This looks like a superb opportunity to raise the awareness of citizen participation and democracy within U.S. e-government circles. I’ve noticed a new serious uptick in interest among “netizens” in the U.S. in how the Internet can be used to better connect citizens with their governments between elections.
In short, the demand for “e-democracy” is beginning to manifest itself (finally!!) and some government and political leaders are beginning to articulate actions they will take with the Internet to improve government accountability, more transparent access to decision-making processes, and ways from government to actually better understand and listen to people via the Internet instead of just collecting taxes online and providing one-way content.
This uptick is in its infancy, but seems born of the 2004/6 election and fungible interest off the 2008 e-campaigning engine. Folks are beginning to say, if the Internet can be used to help get elected to run the free world, shouldn’t it be used to better govern and represent people once power is secured?
Generating a good collection of articles per the call below will help government agencies get started with effective e-democracy strategies.
Lisa Nelson at email@example.com, (202) 208-2530.
USA Services Intergovernmental Solutions publishes a newsletter that reports on trends and successes in information technology from around the world. The newsletter provides highlights from federal, state, local and international governments, as well as industry and academia.
The next edition will look at how e-government is changing society and strengthening democracy. E-government depends on communications technologies and the Internet to encourage citizen participation in government by making government seamless, transparent and accessible. Technology can make government processes more accessible by expanding citizen participation in public policy decision-making giving citizens a broader influence in policy outcomes. This increases the potential for smarter policies, transparency, accountability, and keeps the government closer to the consent of the governed. This direct relationship between individuals and their representatives can result in improved public trust.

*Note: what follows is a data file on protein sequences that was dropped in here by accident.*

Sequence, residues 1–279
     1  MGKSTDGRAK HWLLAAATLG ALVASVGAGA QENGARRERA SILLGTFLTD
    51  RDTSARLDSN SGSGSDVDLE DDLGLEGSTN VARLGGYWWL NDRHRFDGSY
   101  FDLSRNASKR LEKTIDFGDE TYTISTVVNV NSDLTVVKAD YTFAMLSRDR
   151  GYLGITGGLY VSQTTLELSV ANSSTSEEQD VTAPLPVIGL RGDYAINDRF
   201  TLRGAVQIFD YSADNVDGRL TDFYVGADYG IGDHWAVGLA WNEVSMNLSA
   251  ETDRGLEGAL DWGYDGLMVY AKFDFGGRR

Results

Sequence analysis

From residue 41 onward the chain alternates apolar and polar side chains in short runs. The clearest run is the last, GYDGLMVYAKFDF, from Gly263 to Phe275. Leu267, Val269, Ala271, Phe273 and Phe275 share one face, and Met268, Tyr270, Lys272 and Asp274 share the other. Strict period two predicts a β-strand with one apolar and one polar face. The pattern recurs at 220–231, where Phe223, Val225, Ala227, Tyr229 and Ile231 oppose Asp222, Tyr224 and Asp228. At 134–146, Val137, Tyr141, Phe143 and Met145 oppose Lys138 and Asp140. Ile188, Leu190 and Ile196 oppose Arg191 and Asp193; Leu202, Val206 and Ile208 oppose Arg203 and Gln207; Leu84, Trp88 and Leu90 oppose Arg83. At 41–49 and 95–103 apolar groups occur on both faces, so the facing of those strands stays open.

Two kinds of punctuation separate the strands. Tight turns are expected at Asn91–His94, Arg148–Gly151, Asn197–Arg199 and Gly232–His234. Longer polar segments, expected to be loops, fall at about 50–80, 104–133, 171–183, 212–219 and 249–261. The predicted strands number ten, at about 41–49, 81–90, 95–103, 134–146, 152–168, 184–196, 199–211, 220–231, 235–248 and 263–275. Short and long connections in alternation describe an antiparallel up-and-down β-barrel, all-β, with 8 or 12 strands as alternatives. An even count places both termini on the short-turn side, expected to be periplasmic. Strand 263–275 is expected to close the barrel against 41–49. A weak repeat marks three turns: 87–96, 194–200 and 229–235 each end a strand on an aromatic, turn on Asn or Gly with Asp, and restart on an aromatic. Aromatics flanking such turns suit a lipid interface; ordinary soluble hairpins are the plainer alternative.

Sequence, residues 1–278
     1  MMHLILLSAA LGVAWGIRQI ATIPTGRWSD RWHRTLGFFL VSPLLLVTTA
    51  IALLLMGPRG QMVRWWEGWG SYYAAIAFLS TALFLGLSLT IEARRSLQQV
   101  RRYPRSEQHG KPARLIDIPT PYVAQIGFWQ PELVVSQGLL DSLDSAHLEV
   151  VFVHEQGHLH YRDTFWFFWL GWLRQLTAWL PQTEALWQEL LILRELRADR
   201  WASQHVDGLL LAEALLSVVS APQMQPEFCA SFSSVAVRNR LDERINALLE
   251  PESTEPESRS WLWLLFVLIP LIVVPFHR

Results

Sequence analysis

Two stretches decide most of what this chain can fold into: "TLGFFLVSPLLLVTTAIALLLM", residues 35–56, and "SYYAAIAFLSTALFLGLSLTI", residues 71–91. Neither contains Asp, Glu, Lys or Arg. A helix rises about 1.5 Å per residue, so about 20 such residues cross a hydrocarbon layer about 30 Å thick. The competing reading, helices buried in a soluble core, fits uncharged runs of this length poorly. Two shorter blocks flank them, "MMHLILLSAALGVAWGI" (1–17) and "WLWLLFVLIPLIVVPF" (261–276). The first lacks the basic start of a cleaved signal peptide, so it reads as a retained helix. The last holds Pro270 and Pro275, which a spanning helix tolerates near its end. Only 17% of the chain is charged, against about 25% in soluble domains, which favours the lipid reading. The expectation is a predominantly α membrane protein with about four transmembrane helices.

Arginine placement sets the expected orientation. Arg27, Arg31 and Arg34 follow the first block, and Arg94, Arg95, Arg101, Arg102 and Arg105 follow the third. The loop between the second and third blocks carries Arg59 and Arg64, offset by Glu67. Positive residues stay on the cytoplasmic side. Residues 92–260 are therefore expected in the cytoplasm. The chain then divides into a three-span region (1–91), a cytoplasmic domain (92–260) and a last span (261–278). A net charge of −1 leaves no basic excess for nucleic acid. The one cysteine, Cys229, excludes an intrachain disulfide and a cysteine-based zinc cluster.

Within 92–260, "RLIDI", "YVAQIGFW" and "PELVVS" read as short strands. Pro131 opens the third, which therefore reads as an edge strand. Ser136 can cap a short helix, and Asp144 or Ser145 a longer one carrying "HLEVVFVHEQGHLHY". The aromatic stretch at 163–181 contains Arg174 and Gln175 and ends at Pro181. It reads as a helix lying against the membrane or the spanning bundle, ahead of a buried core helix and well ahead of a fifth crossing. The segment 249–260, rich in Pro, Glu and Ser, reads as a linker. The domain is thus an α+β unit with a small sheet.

We are seeking articles that share e-democracy lessons, projects and tools, particularly between government and its citizens and between citizens themselves. For example:
The importance of citizen participation
Creating a venue for citizen inclusion and government transparency
Designing technology to constructively encourage deliberation by citizens on public issues
Challenges of citizen engagement
Creating a digitally enabled society
Limiting factors and barriers
Balancing citizen expectations and government requirements
Establishing security and trust
Online tools for social networking and decision making
Adapting structures and decision-making processes to ensure that the results gathered are analyzed, disseminated and used
Electronic citizen juries â€“Implementing a citizen based deliberative process
Public comment on agency regulations
Using on-line citizen engagement the provide opportunities for all citizens
Determining what drives citizens to get involved
Identifying problems with citizen identification
Using mobile technologies, interactive digital television and other technologies to complement the internet and traditional engagement methods.
If you would like to highlight your experience strengthening democracy through e-government in the upcoming Intergovernmental Newsletter, contact Lisa Nelson at firstname.lastname@example.org or (202) 208-2530.
Articles should be 1,000 words or less and must be received by Friday, June 1, 2007. Please include the author’s name, title, organization, telephone number, and e-mail address with your submission. Thank you.